ASSIGNED ESTATE OF MR. JAMES O’SHEA. – The liquidation of this Estate, we glad to observe, proceeds most satisfactorily. When it is considered that Mr. O’SHEA’s losses during the last four years amounted to the large sum of £38,000, including £8,000 since stoppage, tho report below from the Herald must be most gratifying to all concerned: - “A meeting of creditors in the assigned estate of Mr, James O’SHEA was held at his store on Wednesday last, the 29th inst., Jno. PATERSON, Esq., in the chair. A report, which was considered to be a satisfactory one, was submitted to the meeting by the assignees. From the report we gathered that of the stock, which was value at £9,349, upwards of £6,890 had been realised, and that the remaining stock, taken at cost price, amounted to £3,296, showing a profit on the merchandise account of £837. This result was attributable mainly to creditors being allowed to take out the amount of their claims at shop prices, for, had the stock been forced on the market or sold by public auction, it would not have realised one half the amount it has done. Had the loss on the live stock not been so great, the result would have shown still more favourably. The statement of liabilities and assets submitted showed that as the accounts now stand, there was about 17s. in the pound; but from this must be deducted the expenses of working the estate, and, as in all such cases, some allowance must be made upon the value of “good debts.” After making these deductions, however, there is every reason to look for an ultimate dividend of form 12s. 6d. to 15s. in the pound. After the report was read, it was discussed, and several matters connected with the management of the estate disposed of. – It was resolved that the landed property in the estate should be sold subject to this, among other conditions, that the purchaser should be allowed to set against his purchase any claims on the estate at the rate of 15s. (fifteen shillings) in the pound. It was also resolved that the assignees should be authorised to pay a dividend of 5s. in the pound, (or as much more as they thought) such dividend to be payable on the 10th August next. In order to put all creditors on an equal footing, it was resolved that all bills or promissory notes not due on the date of assignment should be subject to a rebate of interest, reckoning to that date. -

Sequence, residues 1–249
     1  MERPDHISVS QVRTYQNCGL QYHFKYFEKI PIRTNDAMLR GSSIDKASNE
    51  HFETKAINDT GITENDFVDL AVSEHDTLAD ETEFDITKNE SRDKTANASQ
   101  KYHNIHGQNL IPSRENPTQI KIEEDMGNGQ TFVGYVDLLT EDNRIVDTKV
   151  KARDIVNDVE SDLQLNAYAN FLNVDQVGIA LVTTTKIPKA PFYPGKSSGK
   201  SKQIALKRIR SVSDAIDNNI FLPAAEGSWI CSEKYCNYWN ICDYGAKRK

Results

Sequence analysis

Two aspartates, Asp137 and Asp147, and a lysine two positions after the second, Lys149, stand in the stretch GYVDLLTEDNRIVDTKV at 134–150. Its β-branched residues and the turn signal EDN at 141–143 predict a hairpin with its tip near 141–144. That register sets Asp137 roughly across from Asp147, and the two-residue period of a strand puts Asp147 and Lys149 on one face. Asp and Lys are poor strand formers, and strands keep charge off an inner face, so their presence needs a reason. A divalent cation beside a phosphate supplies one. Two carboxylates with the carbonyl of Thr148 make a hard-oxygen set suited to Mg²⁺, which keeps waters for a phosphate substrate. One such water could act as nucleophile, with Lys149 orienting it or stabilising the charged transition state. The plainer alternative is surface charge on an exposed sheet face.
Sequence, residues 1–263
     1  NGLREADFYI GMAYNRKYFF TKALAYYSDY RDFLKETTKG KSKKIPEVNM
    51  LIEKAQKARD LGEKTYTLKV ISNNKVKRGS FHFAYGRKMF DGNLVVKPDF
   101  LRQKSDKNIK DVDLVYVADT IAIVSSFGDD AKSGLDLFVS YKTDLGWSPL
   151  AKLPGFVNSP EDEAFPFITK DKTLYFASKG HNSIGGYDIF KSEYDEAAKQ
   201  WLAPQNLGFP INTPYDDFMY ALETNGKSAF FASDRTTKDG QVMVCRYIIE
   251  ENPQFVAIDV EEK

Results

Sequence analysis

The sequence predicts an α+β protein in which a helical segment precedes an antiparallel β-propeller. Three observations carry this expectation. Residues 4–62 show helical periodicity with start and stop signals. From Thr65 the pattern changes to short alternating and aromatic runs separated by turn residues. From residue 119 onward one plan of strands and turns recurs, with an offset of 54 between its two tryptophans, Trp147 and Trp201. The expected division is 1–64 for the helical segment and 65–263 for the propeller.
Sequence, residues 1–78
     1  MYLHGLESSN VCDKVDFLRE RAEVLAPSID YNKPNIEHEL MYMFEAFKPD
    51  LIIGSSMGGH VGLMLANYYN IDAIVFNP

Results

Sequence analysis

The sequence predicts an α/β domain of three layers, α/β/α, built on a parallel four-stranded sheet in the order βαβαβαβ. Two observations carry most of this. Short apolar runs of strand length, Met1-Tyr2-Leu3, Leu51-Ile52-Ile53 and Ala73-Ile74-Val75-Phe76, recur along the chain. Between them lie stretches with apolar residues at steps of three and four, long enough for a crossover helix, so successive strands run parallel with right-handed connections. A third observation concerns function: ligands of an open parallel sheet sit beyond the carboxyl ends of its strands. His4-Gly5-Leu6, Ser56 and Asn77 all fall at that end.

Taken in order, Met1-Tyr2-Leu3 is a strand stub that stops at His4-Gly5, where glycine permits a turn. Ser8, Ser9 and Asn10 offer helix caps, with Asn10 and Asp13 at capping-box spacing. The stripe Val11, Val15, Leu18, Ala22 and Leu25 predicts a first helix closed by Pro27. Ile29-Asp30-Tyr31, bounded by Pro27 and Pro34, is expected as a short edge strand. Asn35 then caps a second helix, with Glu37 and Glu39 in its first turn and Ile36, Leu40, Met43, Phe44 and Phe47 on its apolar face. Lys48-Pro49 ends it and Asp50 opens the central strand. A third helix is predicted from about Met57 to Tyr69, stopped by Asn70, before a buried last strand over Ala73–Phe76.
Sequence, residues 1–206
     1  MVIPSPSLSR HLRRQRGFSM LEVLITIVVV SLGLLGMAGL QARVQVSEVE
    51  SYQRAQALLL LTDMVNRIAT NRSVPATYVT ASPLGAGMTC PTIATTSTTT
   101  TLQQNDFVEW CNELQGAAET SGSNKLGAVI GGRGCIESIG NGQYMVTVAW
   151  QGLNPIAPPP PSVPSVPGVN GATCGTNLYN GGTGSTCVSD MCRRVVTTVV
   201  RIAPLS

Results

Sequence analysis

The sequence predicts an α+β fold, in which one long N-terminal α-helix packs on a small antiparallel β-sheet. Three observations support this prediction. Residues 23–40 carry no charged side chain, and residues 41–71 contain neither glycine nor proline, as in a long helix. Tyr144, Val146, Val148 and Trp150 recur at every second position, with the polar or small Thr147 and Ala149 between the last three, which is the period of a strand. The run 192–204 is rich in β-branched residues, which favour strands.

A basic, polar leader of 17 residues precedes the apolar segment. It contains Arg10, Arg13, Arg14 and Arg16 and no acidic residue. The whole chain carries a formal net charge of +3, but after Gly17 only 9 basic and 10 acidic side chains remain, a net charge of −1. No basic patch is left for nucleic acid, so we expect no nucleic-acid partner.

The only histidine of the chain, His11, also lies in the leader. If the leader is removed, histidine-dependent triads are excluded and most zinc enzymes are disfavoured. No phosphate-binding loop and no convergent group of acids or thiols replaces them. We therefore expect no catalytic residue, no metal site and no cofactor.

With reference to the consignments of wool to London, on which advances had been made at the rate of 1s. 1d. per lb., account sales were produced, the result being that the net proceeds had barely covered the amount advanced. The loss on this article was very heavy, and, had the wool realised anything like invoice cost, the estate would have shown a very small deficiency. – The Creditors resolved that Mr. O’SHEA’s furniture and Life Policy be allowed him. – When it is take into consideration that in the statement submitted, the assignees have not reckoned anything for about £6,000 of bad or doubtful debts, it is surprising that the affairs have turned out so well as they have. The thanks of the creditors in this estate are due to the assignees, Messrs. OGILVIE, CHRISTIAN, and DEARE, for the manner in which they have managed the estate. Had the estate been either voluntarily or compulsorily surrendered, the result would have been very different. – E. P. Herald.